Tag Archives: sabi pictures


Paul Rachman and Brian Newman pre Summit Slamdance 2010 - Photo by Saskia Wilson Brown

I haven’t posted anything since the Sundance and Slamdance lineups were announced, but here are my thoughts post-Park City, 2010.

Throughout my career—which began by documenting the Hardcore Punk movement in the early ’80s, followed by making music videos at Propaganda Films in Los Angeles to my current filmmaking career and my involvement with Slamdance—I’ve always felt compelled to help other filmmakers, whether by editing or shooting for others, or sharing advice with new filmmakers.  Now, more than ever, is the time for that kind of generosity and collaboration within the independent filmmaking community.

This was my 16th year at Sundance and Slamdance, enough years to actually see things come and go, and come back again.  I started going to Park City in 1995, at the beginning of the indie craze.  Fox Searchlight launched that year with the acquisition of THE BROTHERS McMULLEN.  Miramax was bought by Disney.  And most Sundance competition films from then on were cast with a new breed of indie A-list actors and budgets upwards of $8 to 12 million.  Yes, the indie business was looking good for the studios, investors and a multitude of new distribution companies.  That same year, the 35mm short dramatic film called DRIVE BABY DRIVE that I directed and produced did not get into Sundance.  Instead of slumping away in defeat, a dozen other Sundance 1995 rejects and I went to Park City with our own films and projectors, and found an audience. Slamdance “Anarchy in Utah” was born.  We were all helping each other.

Sixteen years later it seems the clock has turned back to pre-1989 (the year SEX, LIES AND VIDEOTAPE won the Sundance Audience Award and was the catalyst for Hollywood taking notice of independent films).  There are very few distributors, and the obstacles for indie filmmakers to get their films screened theatrically end up being insurmountable for all but a few in larger cities.  These issues, and the barriers indie filmmakers face today, needed to be part of the discussion in Park City 2010.  I helped put together the 2010 Slamdance Film Festival Summit so that new filmmakers could access the tools and knowledge necessary to keep their momentum after the festival.  The idea was born when I attended The Workbook Project’s DIY Days in Philadelphia this past summer.  Lance Weiler and Slamdance alum Arin Crumley, director of Slamdance’s 2004 Audience Award Winner FOUR EYED MONSTERS, are two of the pioneers of these all-day free seminars on DIY distribution for indie filmmakers.  I immediately thought that all Slamdance filmmakers could benefit from learning new ideas about DIY distribution.  Hence, the Slamdance 2010 Filmmaker Summit.

Looking back to the early ‘80s, US indie pioneers like Jim Jarmusch, John Sayles and Spike Lee all faced similar challenges in finding their audiences and booking their films theatrically.  Some of them used the rising punk/alternative and art movements to find their audience—people sharing and turning others on to information and ideas.  It was an exciting time, and they found new ways of telling stories.  What’s different about their challenges versus ours today is that they did it without the digital and social networking tools at our fingertips.  Ultimately, it all comes down to finding a way to share the information and to turn others on to some very innovative, groundbreaking filmmaking. The filmmakers still must possess the passion, but this time the available tools can often be enacted with the click of a button, reaching potentially thousands of people at one time.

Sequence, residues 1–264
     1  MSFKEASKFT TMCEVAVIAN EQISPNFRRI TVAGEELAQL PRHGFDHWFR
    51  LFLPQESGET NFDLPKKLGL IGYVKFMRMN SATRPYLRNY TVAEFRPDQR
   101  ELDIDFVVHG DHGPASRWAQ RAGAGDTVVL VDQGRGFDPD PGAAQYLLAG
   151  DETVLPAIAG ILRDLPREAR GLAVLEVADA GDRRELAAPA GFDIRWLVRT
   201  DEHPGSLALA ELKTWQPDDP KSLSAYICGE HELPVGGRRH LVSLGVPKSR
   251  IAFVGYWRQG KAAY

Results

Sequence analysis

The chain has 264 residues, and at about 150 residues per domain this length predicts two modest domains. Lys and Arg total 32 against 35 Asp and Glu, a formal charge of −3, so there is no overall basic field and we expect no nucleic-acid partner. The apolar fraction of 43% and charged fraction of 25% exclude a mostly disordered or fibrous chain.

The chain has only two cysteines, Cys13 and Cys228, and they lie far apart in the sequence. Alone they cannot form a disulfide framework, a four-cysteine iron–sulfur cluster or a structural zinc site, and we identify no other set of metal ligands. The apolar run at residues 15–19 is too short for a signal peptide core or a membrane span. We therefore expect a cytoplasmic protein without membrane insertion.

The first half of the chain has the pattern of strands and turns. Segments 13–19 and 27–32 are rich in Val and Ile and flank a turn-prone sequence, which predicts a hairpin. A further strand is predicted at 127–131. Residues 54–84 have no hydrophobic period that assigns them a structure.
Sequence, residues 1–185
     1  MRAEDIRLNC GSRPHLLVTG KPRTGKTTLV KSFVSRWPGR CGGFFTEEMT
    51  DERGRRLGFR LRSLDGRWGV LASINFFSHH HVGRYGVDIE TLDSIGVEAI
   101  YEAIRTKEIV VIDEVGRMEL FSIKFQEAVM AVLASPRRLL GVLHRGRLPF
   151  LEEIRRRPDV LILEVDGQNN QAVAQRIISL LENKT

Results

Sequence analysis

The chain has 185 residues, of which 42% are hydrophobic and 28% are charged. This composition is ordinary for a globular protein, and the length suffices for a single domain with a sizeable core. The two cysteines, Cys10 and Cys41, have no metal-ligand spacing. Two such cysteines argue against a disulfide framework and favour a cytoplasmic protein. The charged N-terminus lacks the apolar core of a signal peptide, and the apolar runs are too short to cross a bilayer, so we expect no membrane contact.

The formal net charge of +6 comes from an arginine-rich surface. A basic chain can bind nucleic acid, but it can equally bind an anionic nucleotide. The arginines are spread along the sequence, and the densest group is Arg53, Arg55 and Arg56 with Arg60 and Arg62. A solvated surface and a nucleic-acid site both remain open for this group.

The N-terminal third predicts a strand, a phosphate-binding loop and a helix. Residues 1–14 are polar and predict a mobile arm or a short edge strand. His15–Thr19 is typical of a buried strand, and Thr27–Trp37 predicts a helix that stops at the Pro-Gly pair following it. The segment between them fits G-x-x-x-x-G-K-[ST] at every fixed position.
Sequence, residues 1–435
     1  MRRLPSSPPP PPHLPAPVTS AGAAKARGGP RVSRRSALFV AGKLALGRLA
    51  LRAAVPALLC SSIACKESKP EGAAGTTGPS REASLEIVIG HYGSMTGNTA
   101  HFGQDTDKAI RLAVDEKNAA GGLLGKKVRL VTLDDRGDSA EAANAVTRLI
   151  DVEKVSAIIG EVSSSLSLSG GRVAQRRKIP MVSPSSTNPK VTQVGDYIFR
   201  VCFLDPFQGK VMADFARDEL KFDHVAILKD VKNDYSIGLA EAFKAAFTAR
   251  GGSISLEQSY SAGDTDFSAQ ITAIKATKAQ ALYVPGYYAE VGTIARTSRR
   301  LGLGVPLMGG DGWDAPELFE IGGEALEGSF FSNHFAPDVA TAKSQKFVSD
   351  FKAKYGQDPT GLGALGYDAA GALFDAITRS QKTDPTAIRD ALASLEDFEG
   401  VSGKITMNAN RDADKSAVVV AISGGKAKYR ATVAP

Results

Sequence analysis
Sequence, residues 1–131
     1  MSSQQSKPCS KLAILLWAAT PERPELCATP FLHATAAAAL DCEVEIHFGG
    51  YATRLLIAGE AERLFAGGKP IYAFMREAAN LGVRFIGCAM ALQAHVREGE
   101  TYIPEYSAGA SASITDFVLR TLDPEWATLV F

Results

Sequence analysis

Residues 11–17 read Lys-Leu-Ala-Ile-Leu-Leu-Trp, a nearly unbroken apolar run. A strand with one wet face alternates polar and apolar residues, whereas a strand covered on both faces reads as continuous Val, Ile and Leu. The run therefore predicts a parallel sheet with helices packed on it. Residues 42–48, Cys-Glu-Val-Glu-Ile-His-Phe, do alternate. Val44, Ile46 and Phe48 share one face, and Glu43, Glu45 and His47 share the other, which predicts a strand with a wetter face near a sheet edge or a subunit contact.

Below are some clips and links with valuable information to help filmmakers to get out there and make things happen.  It’s something we’ve heard since kindergarten, but the old adage remains: We’re all in this together. Share, help others, turn people on to tools they don’t know about, and help audiences access films they wouldn’t otherwise see.

NEW BREED: An Open Discussion

The following discussion was taped before the Slamdance 2010 Filmmaker Summit by filmmakers Zak Forsman and Kevin K. Shah of Sabi Pictures. It focuses on the need for an alternative network to connect filmmakers and audiences. Featuring: Peter Baxter, Saskia Wilson-Brown, Brian Newman, Paul Rachman and Lance Weiler.

NEW BREED: Discovering the questions
Filmmakers Zak Forsman and Kevin K. Shah of Sabi Pictures arrive at Park City with an intent to define the questions most relevant to independent distribution options. Insights from Brian Newman, Dan Mirvish, Jon Reiss and Ira Deutchman open a path toward discovering some real solutions.

NEW BREED: Seeking the Answers Pt1
SABI filmmakers Zak Forsman and Kevin K. Shah move away from identifying the questions toward some possible answers that may, in fact, lead to the solutions we seek. Insights from Linas Phillips (Bass Ackwards), Jon Reiss and Brian Newman are fleshed out with more thoughts from the pre-Filmmaker Summit roundtable.

NEW BREED: Seeking the Answers Pt2
SABI filmmakers Zak Forsman and Kevin K. Shah move away from identifying the questions toward some possible answers that may, in fact, lead to the solutions we seek. Insights from Linas Phillips (Bass Ackwards), Jon Reiss and Brian Newman are fleshed out with more thoughts from the pre-Filmmaker Summit roundtable.

A report from the Slamdance / Open Video Coalition Filmmaker Summit


A link to Brian’s thoughts and outtakes from the Sundance panel entitled “The Doctor’s in the House” on distribution,

Here you can read Saskia Wilson Brown’s Manifesto
Here is the official Slamdance 2010 Filmmaker Summit page: